Football is big business around the world and in Europe, Spain’s LaLiga is without doubt one of the biggest players.
Less referenced by its full name – Campeonato Nacional de Liga de Primera División – LaLiga is the top professional football league in the country and like its counterparts in England, Italy, and Germany, has a piracy problem to contend with.
Around 2014, LaLiga began using new tools to combat the unlicensed reproduction of matches and associated content on the Internet. In 2018 it reported that 268,000 unlicensed videos had been removed from social media with 9,000 associated accounts blocked. The company also claimed to have “disabled” 10,000 card sharing servers, which are systems designed to bypass access controls on consumer TV equipment in order to avoid paying a subscription.
In the same year, LaLiga revealed it would be teaming up with Pro League, Belgium’s top-tier football league. The latter would begin using the former’s anti-piracy resources with an option to extend the agreement beyond the 2019/2019 campaign.
According to an update provided by LaLiga Thursday, that has now been taken up.
“[R]enewing [the agreement] is a guarantee that the work carried out in collaboration with the Belgian league is bearing fruit,” says Melcior Soler, director of LaLiga’s audiovisual department.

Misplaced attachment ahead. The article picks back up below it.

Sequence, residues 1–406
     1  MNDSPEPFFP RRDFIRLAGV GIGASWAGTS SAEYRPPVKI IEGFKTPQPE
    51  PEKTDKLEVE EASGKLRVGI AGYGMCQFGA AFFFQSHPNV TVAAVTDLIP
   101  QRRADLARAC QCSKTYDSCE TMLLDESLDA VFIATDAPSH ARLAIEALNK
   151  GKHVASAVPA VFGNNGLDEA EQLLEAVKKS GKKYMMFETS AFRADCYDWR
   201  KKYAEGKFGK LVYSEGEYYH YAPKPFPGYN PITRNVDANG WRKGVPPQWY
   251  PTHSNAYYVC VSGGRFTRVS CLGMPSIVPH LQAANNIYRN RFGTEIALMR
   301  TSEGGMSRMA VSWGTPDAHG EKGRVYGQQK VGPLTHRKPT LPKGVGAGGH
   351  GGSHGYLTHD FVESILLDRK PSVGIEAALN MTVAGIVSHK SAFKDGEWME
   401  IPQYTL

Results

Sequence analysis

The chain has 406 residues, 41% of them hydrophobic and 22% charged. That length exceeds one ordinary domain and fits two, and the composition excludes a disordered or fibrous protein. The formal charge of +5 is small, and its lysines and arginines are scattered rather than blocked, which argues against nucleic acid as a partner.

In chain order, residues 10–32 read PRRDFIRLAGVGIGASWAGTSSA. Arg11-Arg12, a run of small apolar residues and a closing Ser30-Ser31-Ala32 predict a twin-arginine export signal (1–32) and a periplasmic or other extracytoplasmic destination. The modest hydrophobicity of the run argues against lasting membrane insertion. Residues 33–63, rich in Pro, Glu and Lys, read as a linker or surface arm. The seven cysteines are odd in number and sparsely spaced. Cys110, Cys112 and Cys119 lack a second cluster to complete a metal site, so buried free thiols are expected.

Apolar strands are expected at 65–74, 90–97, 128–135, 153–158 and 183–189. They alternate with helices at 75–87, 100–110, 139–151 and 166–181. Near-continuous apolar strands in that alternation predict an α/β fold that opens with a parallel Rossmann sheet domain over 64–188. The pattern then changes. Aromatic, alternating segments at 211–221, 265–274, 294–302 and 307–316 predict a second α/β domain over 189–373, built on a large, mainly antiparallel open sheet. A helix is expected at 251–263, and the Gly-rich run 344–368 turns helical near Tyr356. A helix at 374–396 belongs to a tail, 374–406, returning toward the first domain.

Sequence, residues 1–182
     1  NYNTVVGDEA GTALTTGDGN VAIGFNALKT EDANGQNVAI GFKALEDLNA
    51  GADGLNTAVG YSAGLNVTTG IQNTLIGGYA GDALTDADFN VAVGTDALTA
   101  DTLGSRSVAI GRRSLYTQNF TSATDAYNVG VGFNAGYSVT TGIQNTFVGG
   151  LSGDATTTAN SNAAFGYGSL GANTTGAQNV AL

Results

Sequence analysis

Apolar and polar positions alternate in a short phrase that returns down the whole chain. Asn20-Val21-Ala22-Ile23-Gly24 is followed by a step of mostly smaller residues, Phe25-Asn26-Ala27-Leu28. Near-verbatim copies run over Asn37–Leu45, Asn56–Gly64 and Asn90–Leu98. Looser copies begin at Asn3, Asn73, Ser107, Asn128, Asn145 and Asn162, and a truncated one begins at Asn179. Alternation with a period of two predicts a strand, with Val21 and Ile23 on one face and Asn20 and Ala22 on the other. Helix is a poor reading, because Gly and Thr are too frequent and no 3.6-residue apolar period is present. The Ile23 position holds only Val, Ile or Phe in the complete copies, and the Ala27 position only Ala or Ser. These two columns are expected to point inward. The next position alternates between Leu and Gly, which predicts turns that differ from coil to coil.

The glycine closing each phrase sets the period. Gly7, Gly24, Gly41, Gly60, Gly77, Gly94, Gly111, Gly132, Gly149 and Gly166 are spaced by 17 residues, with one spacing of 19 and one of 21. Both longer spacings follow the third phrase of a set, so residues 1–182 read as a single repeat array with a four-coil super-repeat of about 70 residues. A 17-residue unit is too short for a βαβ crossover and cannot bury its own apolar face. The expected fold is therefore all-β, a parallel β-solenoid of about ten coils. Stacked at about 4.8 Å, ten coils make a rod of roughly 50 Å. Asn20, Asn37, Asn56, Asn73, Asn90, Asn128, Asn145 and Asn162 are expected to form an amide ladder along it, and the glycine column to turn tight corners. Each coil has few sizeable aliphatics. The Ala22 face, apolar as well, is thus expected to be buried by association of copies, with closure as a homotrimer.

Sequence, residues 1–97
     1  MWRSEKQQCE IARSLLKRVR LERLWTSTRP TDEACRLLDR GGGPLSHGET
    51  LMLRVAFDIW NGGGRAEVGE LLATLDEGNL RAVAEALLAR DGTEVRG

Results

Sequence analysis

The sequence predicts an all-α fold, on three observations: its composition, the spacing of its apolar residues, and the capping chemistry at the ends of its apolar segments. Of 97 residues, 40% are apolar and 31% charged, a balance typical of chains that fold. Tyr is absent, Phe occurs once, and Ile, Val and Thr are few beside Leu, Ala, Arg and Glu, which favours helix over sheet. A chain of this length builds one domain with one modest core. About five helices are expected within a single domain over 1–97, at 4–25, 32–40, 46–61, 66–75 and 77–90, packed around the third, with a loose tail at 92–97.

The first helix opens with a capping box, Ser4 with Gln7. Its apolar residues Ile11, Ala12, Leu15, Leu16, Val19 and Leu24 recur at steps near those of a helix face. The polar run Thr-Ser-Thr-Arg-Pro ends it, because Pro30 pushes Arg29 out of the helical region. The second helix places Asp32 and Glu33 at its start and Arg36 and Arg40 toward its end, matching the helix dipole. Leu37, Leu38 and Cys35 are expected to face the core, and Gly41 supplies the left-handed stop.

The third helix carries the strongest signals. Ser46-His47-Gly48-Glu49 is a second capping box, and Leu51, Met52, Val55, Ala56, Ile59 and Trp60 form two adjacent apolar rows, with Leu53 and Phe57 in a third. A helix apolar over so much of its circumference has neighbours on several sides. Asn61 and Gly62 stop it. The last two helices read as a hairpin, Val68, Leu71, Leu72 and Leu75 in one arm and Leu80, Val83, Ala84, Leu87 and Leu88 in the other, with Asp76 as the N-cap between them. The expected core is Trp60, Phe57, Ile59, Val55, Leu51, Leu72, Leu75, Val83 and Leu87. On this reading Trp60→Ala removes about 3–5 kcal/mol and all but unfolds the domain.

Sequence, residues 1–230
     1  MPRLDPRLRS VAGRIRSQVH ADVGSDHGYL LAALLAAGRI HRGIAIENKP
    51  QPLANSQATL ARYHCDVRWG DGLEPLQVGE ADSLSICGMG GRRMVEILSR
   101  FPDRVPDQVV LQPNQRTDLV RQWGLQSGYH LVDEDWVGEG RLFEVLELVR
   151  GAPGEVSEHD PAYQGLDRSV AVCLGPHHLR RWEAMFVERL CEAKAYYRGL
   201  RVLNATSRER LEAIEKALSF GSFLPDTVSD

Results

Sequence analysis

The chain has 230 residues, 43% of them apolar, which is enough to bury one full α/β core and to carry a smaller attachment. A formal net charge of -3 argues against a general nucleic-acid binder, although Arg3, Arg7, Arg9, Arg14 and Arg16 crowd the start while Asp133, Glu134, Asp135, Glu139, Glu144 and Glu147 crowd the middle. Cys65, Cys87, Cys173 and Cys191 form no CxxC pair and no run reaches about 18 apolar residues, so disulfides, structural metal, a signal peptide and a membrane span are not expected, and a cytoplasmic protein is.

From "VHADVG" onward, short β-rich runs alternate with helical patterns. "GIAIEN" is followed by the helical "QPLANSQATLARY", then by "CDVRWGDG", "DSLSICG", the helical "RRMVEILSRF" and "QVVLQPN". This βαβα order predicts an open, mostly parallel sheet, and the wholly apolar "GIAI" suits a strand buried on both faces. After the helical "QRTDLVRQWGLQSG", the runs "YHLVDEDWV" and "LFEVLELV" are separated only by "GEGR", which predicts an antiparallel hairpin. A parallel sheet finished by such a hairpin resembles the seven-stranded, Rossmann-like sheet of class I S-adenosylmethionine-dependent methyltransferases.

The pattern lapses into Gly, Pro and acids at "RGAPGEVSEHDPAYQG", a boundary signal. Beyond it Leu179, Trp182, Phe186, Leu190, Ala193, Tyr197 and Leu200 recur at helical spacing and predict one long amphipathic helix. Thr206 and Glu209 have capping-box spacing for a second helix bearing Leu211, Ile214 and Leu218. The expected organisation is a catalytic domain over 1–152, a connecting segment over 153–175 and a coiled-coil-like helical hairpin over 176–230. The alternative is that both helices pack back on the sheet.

“The increase in data is a reason to keep working to defend competitions’ audiovisual value. Fighting against piracy is a priority for LaLiga and the Pro League and together we’ll continue to invest in technical tools and human resources to keep developing in this field.”
According to LaLiga, its successes over the last year are numerous. Across platforms like YouTube, Facebook, Periscope and SportsTube, the company claims to have removed 23,652 videos and deleted 100 associated accounts.
It’s also been busy targeting the app-based market too. The league says that across Google Play and Apple’s App Store, 703 apps that had the ability to stream top-tier football were removed following takedown requests. Together, they had clocked up more than 10 million downloads.
Of course, LaLiga has been looking to hinder IPTV providers too but its strategy is a curious one. Instead of going after the sources, in the way that the Premier League has, they’ve instead targeted IPTV sales web portals by asking Google to delist them from search.
LaLiga says it has successfully removed 6,000 links in this manner but it’s up for debate whether this has had much of an effect on content availability, particularly when one considers that IPTV subscriptions are often sold through re-sellers and via word of mouth.
Concluding its summary, LaLiga notes that it’s also removed 5,700 links to live streaming sites from Google search, adding that following requests to advertisers to prevent their ads from appearing on ‘pirate’ sites, there has been cooperation.
Perhaps unsurprisingly, the league didn’t mention its 250,000 euro fine for using fans’ phones to spy on piracy and breaching the GDPR in the process.